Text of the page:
State Senator Linda Dorcena Forry will be the first woman, first Haitian-American, and the first Dorchester resident to host Sunday’s St. Patrick’s Day Breakfast, where politicians poke fun at themselves and colleagues. Correspondent Patrick D. Rosso asked her what she is excited about and what the audience can expect.
Q. When did you start preparing for the breakfast?
A. We started in earnest back in November, but, really, as soon as I was elected we started thinking about it. The last month or so has been getting increasingly intense.
Q. What are you most nervous about?
A. I’m nervous, but very excited. I guess I am most focused on making sure we get to all of the dignitaries who need mike time. We have a great lineup and one or two special surprise guests planned, so it’s a tight program.
Q. What will be different this year, how will we know this is an LDF event?
A. I don’t think anyone will confuse me with Bill Linehan, or any other previous host for that matter! But, I think in some ways they will recognize key elements: songs, local references, and the focus, of course, on Irish and Irish-American culture.
Q. What are some jokes you have planned for the audience this year? Who has the best jokes?
A. I’m the host, so, of course, I have the best jokes. If anyone tells you otherwise, let me know, and I’ll find them a choice seat — on the sidewalk.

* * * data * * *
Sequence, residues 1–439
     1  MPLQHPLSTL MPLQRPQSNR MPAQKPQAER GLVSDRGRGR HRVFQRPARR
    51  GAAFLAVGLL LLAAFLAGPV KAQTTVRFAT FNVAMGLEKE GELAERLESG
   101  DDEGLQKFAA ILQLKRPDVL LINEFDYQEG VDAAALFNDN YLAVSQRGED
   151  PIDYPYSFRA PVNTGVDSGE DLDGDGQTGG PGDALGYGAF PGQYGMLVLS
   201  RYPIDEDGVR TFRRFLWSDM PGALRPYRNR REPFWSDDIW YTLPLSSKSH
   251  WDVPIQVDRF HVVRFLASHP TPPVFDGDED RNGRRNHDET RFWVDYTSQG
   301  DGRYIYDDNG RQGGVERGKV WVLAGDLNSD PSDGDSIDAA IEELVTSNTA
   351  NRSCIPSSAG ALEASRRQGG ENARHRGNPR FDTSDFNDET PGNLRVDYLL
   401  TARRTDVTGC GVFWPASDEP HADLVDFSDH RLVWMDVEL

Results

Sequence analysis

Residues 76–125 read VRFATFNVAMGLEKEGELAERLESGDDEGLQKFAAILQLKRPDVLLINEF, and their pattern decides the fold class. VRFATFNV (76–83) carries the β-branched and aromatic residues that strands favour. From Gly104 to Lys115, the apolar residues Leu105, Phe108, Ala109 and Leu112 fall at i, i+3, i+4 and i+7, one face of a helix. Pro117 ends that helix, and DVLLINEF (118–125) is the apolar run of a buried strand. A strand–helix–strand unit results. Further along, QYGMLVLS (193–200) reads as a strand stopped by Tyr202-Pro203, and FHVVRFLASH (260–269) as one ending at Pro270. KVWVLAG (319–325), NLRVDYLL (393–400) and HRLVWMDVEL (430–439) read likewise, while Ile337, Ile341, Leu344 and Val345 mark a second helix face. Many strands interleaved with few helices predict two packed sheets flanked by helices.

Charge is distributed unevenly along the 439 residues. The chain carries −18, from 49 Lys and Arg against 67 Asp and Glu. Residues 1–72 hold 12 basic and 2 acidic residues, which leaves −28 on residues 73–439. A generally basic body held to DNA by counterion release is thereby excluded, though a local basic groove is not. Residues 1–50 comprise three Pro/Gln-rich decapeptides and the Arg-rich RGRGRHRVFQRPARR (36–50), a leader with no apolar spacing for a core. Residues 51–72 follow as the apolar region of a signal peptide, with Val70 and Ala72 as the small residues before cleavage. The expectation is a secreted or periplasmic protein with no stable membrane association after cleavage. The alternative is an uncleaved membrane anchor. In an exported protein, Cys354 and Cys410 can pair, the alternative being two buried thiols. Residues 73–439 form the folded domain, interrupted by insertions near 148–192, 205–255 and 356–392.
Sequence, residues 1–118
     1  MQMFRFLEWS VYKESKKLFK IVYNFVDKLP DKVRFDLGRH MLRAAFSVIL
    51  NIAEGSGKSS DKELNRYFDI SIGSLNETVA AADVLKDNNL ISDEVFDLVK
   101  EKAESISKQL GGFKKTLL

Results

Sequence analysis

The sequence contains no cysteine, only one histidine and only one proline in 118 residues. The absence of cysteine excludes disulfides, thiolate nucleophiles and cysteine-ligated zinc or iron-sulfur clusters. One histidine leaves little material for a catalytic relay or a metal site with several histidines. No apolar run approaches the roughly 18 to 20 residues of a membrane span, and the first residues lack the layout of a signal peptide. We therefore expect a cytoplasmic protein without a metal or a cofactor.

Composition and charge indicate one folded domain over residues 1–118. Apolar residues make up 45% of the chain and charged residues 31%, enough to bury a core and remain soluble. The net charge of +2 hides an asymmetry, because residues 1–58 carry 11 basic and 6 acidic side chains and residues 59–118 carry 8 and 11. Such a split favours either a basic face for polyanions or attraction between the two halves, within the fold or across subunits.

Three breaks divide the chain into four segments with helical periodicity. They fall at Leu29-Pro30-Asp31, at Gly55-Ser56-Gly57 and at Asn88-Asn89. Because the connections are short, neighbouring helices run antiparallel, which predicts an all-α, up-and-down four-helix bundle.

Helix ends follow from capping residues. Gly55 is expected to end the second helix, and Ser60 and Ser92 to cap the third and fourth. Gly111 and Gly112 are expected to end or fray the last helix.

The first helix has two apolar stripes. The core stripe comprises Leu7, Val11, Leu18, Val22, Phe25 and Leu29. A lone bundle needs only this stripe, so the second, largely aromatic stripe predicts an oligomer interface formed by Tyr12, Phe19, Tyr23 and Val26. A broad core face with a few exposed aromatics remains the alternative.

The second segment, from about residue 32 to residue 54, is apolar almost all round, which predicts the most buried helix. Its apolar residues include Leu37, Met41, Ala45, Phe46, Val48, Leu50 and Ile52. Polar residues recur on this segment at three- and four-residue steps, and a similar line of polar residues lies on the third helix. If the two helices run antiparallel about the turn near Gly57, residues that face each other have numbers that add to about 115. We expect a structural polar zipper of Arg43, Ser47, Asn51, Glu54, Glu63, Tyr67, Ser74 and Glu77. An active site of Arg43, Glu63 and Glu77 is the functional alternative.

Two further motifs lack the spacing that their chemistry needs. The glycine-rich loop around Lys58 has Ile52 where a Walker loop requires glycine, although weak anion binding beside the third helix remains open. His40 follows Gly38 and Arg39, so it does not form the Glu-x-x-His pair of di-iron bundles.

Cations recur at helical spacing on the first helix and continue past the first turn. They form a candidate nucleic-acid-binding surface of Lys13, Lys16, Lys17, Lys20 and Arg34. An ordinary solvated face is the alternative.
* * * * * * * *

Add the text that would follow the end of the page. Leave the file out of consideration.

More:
Q. How do you plan to bridge the gap between generations and cultures in the audience?
A. That comes naturally to this event. Everyone is Irish on St. Patrick’s Day, and my hosting is just the next step in that concept. I think younger folks will relate because we’ll have some components that are new both visually and using social media.
Q. Who are your favorite performers at the breakfast?
A. The Dropkick Murphys will be amazing. They have a great performance planned.
Q. What’s the most unusual thing you’ve seen happen at one of these?
A. Whatever Bill Weld was doing last year. . . . That was pretty unusual.
Q. What’s your favorite part about St. Patrick’s Day?
A. When it’s over. (Laughing.) I really do love the songs, and I love when everyone in the hall sings along. We’ll have the lyrics printed and on the screen, and I want to hear them singing at home, too.
Q. What Irish traits/traditions have you picked up/learned since you married an Irish-American?
A. The Irish know how to have a good time, even in difficult moments. Wakes, funerals, political roasts. Never easy, but it’s easier when you can try to focus on the good times. The Irish are experts are that. But, really, in most ways us Haitians and Irish have a lot in common: Both are countries that were once colonized/enslaved; both freed themselves through revolutions; both have Catholicism as their main religion. And the people. They are both great people who’ve made giant contributions to this country. I think it’s a natural pairing.
Q. Did you attend the parade and breakfast growing up?
A. I never went until I was in politics in the 1990s. But I was aware of it. My pastor growing up in Dorchester was a South Boston native with a great sense of humor. My husband, Bill [Forry], grew up going to the breakfast. His father and his family would go to it as far back as the 1960s.
Q. Could a breakfast like this happen anywhere but South Boston?
A. Sure, but it would be lame. This event has the benefit of a regional audience and 70 years of tradition. It’s the marquee event of its kind.